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Japan's Abe sends offering to Yasukuni war dead shrine on WW2 anniversary

TOKYO (Reuters) - Japanese Prime Minister Shinzo Abe sent a ritual offering to Tokyo’s controversial Yasukuni Shrine for war dead on Saturday - the 75th anniversary of Japan’s surrender in World War Two - but avoided a personal visit that would anger China and South Korea.

A man wearing Japan's rising sun flag waits to enter Yasukuni Shrine on the 75th anniversary of Japan's surrender in World War Two, amid the coronavirus disease (COVID-19) pandemic, in Tokyo, Japan August 15, 2020. REUTERS/Kim Kyung-Hoon

At least two cabinet ministers paid their respects in person at the shrine, which honours 14 Japanese wartime leaders convicted as war criminals by an Allied tribunal as well as war dead, and is seen by Beijing and Seoul as a symbol of Japan’s past military aggression.

“I came to deliver a message from (ruling Liberal Democratic Party) President Abe that he paid his respects from the heart to the war dead and prayed for the rest and permanent peace of their souls,” said ruling party lawmaker Shuichi Takatori, who made the offering on Abe’s behalf.

Abe has not gone to Yasukuni in person since a December 2013 visit that outraged China and South Korea, but has sent offerings via an aide.

Environment Minister Shinjiro Koizumi, 39, often floated as a future premier, visited the shrine, as did Education Minister Koichi Hagiuda, a close Abe ally.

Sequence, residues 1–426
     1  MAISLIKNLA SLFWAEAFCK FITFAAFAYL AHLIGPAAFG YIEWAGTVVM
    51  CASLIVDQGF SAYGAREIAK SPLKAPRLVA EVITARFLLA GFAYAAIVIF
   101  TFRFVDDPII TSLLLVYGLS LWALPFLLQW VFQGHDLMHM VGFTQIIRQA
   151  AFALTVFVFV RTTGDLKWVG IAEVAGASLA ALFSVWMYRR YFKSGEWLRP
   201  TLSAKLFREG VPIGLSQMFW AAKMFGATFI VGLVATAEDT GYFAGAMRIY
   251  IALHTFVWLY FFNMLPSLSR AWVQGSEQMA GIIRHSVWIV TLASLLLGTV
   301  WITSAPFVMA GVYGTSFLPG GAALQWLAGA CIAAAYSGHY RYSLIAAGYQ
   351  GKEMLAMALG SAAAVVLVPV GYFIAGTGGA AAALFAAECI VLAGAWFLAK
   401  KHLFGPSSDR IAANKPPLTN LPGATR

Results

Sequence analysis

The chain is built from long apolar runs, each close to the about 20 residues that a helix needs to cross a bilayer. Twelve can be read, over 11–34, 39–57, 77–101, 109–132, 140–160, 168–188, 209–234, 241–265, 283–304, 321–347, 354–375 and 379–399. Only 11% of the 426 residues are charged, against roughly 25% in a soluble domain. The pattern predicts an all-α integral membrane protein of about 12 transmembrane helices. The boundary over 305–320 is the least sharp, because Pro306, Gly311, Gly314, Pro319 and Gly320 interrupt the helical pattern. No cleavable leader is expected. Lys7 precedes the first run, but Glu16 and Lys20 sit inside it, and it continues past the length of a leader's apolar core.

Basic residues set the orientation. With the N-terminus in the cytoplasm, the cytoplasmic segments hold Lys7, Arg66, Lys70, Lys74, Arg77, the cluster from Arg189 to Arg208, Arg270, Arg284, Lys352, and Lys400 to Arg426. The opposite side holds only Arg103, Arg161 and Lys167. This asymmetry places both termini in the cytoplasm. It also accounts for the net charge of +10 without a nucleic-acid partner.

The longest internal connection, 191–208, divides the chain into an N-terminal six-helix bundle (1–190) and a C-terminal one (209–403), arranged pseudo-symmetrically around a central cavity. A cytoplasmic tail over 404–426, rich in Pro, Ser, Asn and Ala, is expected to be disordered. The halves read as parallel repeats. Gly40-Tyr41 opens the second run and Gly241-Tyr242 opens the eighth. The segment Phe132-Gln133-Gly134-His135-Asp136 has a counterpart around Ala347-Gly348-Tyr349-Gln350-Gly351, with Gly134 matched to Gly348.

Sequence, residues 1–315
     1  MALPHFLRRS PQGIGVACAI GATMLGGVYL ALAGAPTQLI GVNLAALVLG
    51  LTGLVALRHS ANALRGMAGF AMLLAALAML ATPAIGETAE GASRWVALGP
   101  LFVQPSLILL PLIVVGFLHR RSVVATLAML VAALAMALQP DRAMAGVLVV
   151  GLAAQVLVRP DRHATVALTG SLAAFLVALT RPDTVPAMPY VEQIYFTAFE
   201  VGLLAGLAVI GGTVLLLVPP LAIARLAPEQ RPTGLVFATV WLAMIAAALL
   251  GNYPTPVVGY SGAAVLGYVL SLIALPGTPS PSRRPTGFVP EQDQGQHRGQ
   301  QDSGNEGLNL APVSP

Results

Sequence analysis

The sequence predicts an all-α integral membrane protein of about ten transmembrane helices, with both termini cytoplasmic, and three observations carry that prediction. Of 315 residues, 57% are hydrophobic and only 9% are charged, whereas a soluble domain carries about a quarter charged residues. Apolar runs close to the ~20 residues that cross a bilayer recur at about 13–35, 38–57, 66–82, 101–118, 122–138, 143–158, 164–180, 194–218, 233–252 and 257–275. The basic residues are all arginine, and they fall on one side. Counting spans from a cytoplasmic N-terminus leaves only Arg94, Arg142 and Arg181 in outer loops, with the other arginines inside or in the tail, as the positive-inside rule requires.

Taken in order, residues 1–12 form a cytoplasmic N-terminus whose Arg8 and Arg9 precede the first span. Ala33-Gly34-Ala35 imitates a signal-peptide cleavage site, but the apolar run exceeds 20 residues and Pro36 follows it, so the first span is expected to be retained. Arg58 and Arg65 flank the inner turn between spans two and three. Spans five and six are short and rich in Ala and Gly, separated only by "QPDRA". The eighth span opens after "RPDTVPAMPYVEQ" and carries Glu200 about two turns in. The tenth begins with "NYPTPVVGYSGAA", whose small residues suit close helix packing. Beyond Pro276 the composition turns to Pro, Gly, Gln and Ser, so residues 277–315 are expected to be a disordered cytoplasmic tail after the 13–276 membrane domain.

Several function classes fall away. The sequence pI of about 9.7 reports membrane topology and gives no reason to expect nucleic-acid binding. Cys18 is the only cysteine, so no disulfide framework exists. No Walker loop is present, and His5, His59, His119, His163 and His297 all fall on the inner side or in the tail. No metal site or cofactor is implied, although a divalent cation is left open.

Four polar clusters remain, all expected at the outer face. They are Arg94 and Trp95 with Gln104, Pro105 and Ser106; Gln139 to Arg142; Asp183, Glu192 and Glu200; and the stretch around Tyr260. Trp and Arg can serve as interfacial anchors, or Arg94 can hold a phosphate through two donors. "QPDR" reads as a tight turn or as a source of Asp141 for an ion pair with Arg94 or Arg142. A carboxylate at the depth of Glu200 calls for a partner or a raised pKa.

Men and women of all ages braved scorching heat amid the novel coronavirus pandemic to pay their respects at Yasukuni, where markers helped people keep social distance while lining up and signs urged them to avoid clustering due to COVID-19 concerns. Japan has not seen an explosive surge but cases are rising.

Abe, as well as Emperor Naruhito, will attend a separate official, secular ceremony later in the day that has been scaled down due to concerns over the pandemic.

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The United States and Japan have become staunch security allies in the decades since the war’s end but its legacy still haunts East Asia.

Koreans, who mark the date as National Liberation Day, resent Japan’s 1910-1945 colonisation of the peninsula. China has bitter memories of imperial troops’ invasion and occupation of parts of the country from 1931-1945.

Japan’s ties with South Korea especially are strained by a dispute over compensation for Koreans forced to work in Japan’s wartime mines and factories, as well as over “comfort women”, as those made to work in Japanese military brothels are euphemistically known.

“Let’s not talk about the past, let’s look at the future. I hope that Japan and South Korea can come closer together,” said Ayaka Soma, 27, a free-lance researcher visiting Yasukuni.

Consensus over the war remains elusive within Japan, where more than 80% of people were born after the conflict’s end.

Naruhito, grandson of wartime Emperor Hirohito and Japan’s first monarch born after the war, last year expressed “deep remorse” over the conflict at the official ceremony for war dead, the first since he inherited the throne after his father, Akihito, abdicated.

Abe, who has adopted a less apologetic stance toward the war, pledged last year “never again to repeat the devastation of war” but did not echo the emperor’s words of remorse.

About 530 people, including relatives of war dead, are expected to take part in the state-sponsored ceremony, down from more than 6,000 last year.

Everyone, including Naruhito and Empress Masako, must wear masks, seats will be at least one metre (yard) apart and a musical performance will replace the singing of the national anthem.

Naruhito’s public appearance on Saturday will be his first since a February news conference marking his birthday, as the pandemic has kept him and Empress Masako at home.

Additional reporting by Kiyoshi Takenaka and Linda Sieg; Writing by Linda Sieg; Editing by William Mallard and Will Dunham

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